Paul Washer on Modesty in the Church

“Modesty Heart Check” by Carolyn Mahaney

Calvin Klein vs John Calvin’s Opinions on Clothing

Modesty Quote

Attire of a Harlot !?!

A Church In Need of Prayer – (Part 2) Specifically the comments

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The Style Quiz by Nancy Leigh DeMoss

Take this test by Nancy Leigh DeMoss and see what you think.

1. According to the Bible, the primary purpose of clothing is to cover the body.

2. There’s nothing right or wrong about particular clothing styles. It’s all just a matter of taste and personal opinion.

3. The Bible tells us what styles of clothing Christians should wear.

4. Since the Bible says God looks on the heart, what we wear and how we appear aren’t that important; it’s what’s on the inside that counts.

5. Our clothes and appearance reveal a lot about our values, our character, and beliefs.

6. What I wear is not really anyone else’s concern. I should be free to wear the kind of clothes that I like and that I feel comfortable wearing.

7. Modesty means dressing in a way that is outdated, dumpy, and unattractive.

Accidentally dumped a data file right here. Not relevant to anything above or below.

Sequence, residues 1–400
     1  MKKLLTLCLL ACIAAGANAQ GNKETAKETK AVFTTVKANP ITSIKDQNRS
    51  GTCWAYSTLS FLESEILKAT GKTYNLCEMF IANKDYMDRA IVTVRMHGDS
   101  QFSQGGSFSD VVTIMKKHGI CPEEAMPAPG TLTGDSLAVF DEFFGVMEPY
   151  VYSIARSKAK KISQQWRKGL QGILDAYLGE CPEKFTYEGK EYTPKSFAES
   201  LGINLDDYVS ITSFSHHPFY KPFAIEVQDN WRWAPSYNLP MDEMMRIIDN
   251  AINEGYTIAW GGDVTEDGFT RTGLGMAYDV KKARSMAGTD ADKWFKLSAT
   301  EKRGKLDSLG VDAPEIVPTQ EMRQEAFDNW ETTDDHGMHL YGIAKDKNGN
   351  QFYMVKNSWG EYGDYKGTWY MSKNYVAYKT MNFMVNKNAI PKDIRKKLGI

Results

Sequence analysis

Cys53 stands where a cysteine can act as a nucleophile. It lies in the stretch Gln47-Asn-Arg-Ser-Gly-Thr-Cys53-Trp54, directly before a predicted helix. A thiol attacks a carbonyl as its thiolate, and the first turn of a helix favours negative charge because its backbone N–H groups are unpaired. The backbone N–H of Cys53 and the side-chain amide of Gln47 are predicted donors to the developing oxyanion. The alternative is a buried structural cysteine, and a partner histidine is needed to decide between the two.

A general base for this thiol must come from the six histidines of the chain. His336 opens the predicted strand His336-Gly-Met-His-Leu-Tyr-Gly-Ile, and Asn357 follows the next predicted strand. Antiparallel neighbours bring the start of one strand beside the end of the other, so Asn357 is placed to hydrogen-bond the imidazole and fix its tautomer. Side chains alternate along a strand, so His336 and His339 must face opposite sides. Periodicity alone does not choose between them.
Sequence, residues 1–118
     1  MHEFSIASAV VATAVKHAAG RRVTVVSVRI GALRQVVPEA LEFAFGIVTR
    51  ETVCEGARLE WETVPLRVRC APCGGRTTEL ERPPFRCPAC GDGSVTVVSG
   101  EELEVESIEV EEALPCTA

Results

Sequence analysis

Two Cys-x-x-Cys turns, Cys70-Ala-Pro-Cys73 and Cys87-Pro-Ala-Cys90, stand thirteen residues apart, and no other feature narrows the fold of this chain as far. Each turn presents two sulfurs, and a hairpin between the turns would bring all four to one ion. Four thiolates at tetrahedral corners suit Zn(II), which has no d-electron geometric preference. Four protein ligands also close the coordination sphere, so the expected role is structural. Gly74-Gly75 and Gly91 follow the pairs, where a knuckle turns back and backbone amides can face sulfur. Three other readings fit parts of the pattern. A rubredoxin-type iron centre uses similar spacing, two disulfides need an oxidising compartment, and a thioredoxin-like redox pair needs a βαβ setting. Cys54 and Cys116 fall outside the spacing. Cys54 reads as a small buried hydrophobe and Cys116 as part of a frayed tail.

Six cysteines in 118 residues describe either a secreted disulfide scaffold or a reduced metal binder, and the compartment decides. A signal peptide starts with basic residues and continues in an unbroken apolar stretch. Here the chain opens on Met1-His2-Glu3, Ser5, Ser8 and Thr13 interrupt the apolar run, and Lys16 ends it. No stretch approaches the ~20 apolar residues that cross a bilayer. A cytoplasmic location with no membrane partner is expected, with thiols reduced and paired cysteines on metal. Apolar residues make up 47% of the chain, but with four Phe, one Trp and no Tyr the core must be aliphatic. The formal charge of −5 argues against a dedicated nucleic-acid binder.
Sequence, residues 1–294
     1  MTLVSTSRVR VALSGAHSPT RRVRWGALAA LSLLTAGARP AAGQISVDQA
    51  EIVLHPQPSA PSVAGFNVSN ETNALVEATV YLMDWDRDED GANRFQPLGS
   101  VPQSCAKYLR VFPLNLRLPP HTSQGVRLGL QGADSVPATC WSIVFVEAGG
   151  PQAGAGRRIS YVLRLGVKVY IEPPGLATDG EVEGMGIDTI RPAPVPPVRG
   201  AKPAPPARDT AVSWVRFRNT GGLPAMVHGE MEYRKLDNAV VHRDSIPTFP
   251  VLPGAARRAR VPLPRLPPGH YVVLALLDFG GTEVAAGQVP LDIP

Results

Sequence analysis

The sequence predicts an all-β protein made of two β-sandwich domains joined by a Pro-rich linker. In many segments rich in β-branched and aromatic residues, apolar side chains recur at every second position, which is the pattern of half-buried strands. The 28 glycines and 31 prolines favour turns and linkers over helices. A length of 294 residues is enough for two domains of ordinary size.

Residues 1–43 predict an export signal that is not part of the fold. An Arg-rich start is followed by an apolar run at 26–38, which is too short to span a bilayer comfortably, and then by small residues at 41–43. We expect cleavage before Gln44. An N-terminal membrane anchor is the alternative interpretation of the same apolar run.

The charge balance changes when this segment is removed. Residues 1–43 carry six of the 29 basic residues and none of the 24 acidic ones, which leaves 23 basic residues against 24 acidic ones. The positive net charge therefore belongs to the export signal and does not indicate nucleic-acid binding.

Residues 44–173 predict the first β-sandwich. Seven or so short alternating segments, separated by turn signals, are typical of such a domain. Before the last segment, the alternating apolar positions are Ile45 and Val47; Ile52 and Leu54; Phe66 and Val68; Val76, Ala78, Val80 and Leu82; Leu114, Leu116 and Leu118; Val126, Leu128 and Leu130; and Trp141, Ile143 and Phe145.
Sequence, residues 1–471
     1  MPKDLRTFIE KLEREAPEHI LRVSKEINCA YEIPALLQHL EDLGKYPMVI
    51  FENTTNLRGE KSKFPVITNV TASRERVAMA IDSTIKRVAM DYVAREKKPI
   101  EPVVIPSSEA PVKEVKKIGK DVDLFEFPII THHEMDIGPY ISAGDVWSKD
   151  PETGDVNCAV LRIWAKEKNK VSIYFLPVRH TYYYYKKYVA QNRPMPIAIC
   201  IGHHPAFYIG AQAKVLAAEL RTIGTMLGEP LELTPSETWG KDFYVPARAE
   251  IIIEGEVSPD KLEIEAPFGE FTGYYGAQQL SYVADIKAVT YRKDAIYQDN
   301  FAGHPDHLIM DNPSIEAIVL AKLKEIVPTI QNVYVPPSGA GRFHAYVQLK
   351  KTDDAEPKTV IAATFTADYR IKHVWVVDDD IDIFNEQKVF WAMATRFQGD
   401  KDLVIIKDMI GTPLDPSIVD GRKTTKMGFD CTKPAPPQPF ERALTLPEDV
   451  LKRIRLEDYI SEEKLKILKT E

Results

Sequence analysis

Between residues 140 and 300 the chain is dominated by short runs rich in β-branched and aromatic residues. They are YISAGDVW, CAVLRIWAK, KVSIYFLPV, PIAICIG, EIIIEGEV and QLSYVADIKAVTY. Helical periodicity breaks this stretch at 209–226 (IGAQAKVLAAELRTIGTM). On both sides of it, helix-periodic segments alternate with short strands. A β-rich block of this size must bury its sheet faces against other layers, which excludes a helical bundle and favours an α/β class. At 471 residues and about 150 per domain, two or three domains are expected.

8. If a girl doesn’t wear trendy clothes that are at least a little revealing, guys won’t notice her.

9. Except for guys who are “over-sexed,” most men are not really affected by the way women dress. Most guys don’t even notice how women dress.

10. I can’t help it if guys struggle morally because of what I wear. It’s up to the guys to control their minds. I shouldn’t have to change the way I dress just because they can’t control themselves.

11. Parents shouldn’t impose their standards or beliefs about clothing on their kids. They should let them make their own decisions, even if they don’t approve of what their kids are wearing.

12. Christians are free to dress as they wish, because we’re not under the law, but under grace. It’s legalistic for parents or youth leaders to establish guidelines or standards for the way young people dress.

13. Christian women should never wear clothes that are revealing or that look sexy (i.e., clothes designed to arouse sexual desire or interest).

14. There are some public settings where it is okay for Christian women to wear clothing that exposes their private parts (e.g., thighs, breasts).

15. A woman can be covered from head to toe and still be dressed immodestly.

16. A woman can wear modest clothing and still be an immodest woman.

17. Most girls and women do not understand the meaning, the power, or the benefits of true modesty.